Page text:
Tips for Adding Dynamics to Programmed Hi-Hats

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Tips for Adding Dynamics to Programmed Hi-Hats

What’s going on, guys?

Symphony here with The Pro Audio Files, and
today, we’re going to be talking about dynamics

when it comes to programming hi-hats, depending
on the style of record I’m doing.

Whether it’s a Pop record, country record,
Hip-Hop record, I might choose to use a more

live hi-hat sound.

In a lot of those genres, there’s actually
someone sitting there, playing the drums out,

or they’re using a hi-hat loop, or they’re
programming their own hi-hat loop.

So I’m going to show you a couple of tricks
you can use to add some dynamics to your hi-hats.

So the first thing you’re going to do is pick
live sounding hi-hats as if they’re from the

same drum kit, and if you don’t have that
option, anything that sounds kind of similar.

So I’ve got four hats here from my homie —

[hi-hats]

And I’ve got an open hat, I’ve got more of
a longer hat, I’ve got a loose hat, I’ve got

two short hats.

The next thing is think about how a drummer
would play these out.

He or she might be more aggressive on the
attack and start with more of a sharp hat

like that, or more of a loose hat.

You’ve got to actually watch some YouTube
videos, or actually have seen someone actually

using the drums to kind of understand.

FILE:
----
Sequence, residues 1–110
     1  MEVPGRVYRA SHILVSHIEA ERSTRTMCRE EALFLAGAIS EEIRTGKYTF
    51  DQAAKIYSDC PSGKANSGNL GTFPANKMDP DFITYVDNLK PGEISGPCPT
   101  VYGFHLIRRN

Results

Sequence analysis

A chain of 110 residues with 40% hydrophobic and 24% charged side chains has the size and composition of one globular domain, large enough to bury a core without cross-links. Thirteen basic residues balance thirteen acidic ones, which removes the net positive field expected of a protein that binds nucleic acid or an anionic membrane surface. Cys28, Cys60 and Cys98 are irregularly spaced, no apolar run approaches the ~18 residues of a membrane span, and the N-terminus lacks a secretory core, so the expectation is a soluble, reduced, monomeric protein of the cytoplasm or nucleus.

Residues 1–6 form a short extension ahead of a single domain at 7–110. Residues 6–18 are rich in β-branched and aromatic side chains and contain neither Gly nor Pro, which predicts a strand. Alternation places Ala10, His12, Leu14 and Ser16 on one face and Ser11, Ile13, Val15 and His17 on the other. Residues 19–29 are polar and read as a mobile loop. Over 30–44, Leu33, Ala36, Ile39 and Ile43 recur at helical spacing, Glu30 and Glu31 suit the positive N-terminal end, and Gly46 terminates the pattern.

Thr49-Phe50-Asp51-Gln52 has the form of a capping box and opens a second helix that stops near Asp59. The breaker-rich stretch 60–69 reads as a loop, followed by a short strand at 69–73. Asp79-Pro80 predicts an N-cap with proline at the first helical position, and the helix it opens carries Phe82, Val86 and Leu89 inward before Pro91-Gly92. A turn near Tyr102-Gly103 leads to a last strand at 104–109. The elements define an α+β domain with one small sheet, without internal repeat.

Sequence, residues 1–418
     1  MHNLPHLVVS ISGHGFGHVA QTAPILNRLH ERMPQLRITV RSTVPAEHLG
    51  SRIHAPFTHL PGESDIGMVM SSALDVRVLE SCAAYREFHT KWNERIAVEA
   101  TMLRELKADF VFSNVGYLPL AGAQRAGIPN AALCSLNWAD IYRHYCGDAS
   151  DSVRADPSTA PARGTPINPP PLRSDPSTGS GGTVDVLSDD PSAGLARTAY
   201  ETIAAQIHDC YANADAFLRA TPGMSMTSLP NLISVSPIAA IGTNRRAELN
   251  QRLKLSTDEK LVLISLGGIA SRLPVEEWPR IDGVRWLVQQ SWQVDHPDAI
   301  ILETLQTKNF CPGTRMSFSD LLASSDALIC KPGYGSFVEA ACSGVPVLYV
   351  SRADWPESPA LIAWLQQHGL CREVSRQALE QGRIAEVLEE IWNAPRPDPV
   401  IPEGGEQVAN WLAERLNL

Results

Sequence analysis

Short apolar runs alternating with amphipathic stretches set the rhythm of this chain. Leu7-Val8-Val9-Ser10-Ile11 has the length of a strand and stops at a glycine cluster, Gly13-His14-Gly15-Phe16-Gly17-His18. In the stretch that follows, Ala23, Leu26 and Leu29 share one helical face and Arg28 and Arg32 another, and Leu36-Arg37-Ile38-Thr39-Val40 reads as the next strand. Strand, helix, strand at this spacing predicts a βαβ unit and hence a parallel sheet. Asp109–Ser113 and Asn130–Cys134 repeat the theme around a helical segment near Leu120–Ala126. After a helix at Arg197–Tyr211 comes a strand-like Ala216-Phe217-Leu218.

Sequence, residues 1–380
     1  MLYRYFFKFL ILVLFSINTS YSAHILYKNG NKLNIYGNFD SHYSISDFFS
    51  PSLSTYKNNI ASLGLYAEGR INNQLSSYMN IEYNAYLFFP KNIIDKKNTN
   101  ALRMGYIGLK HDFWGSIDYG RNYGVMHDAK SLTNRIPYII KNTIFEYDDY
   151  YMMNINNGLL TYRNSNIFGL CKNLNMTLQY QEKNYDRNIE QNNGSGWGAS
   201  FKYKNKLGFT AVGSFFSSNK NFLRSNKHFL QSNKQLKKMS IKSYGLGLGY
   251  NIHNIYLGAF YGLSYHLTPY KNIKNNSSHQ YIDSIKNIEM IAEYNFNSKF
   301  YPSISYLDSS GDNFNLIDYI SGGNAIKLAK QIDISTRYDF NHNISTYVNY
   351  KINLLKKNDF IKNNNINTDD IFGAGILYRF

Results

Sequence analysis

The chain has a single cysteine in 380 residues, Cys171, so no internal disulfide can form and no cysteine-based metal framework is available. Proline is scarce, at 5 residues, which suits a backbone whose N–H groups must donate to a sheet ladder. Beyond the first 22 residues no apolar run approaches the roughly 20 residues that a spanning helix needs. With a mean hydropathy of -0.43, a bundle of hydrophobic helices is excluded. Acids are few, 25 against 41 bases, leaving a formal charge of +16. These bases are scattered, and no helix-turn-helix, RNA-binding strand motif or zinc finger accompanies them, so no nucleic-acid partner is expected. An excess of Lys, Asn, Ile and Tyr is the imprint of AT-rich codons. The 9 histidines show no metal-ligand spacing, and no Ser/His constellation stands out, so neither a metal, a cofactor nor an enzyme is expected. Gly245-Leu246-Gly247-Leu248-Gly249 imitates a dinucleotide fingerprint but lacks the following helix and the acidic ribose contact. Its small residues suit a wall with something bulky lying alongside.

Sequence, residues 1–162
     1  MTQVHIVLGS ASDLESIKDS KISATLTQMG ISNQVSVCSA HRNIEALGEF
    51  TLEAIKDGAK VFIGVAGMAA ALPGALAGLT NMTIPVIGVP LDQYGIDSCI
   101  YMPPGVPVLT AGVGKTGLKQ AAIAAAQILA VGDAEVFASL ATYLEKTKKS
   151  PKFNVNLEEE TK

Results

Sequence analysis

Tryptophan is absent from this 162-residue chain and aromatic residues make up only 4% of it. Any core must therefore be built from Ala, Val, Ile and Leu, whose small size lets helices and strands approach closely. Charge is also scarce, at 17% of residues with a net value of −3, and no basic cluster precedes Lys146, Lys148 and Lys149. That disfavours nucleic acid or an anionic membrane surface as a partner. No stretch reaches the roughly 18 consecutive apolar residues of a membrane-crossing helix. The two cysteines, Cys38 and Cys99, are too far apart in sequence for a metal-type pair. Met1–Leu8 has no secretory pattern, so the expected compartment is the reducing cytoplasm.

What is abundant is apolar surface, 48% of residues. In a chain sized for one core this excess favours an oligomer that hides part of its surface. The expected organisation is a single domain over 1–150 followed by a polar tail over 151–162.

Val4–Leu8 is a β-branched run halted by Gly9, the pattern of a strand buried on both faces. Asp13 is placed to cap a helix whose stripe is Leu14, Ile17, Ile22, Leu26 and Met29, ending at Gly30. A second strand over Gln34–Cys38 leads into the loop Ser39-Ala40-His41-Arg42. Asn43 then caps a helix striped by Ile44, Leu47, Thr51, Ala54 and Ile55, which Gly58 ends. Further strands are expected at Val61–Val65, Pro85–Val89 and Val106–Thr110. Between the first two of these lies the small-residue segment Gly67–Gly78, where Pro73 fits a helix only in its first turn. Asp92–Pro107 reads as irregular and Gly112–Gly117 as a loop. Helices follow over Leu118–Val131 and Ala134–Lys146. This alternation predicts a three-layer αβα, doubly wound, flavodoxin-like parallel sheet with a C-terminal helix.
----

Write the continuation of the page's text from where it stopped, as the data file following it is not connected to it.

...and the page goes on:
And even if you’re sitting down at a drum
set at Guitar Center or something, and go

and mess with the drums.

See what it sounds like when the hat’s open,
when it’s closed, when you step on the pedal

and hit it a certain way.

There’s all types of different things you
can do with hi-hats.

So my suggestion is to research and check
out how these drummers are actually playing

their hats, because it’ll help you apply that
knowledge to your program.

I’ve got this drum loop here that I programmed.

Very basic drum loop, so this is what it sounds
like.

[drum loop]

Very basic drum loop.

So this is at 100 bpm, so if you’re new to
programming hi-hats, or if you’re just getting

started at this type of thing, you might want
to slow it down.

So let’s do this, we can slow this 100 bpm
loop down to maybe, like…

70 bpm, right?

So now it’ll sound like this.

[drum loop, slowed down]

So what I’ll do is I’ll turn the metronome
on, and I’ll also turn the velocity all the

way up.

You can always adjust the velocity later,
but right now, I just want to play out the

idea that I had.

[playing drums in]

So I’ve laid out a couple of hi-hats here,
and what I’m going to do is I’m going to speed

it back up.

[drum loop, sped up]

So I’ve got my hi-hats, right?

And what I’ll do is I’ll take these all…

[drums]

There’s a lot of variation going between the
open hats and the closed hats.

So now I want to make it sound like someone
is actually playing behind it by adjusting

the dynamics and the velocity.

So in that pattern, I’m going to take these
hats, and I’m just going to lower the velocity

on almost every single one of them, just the
same, but also, I’m going to go through and

adjust, you know, just to give it a little
bit more of a variation.

[drums, adjusted velocity]

Also notice that I haven’t quantized these.

I think quantization can really, really mess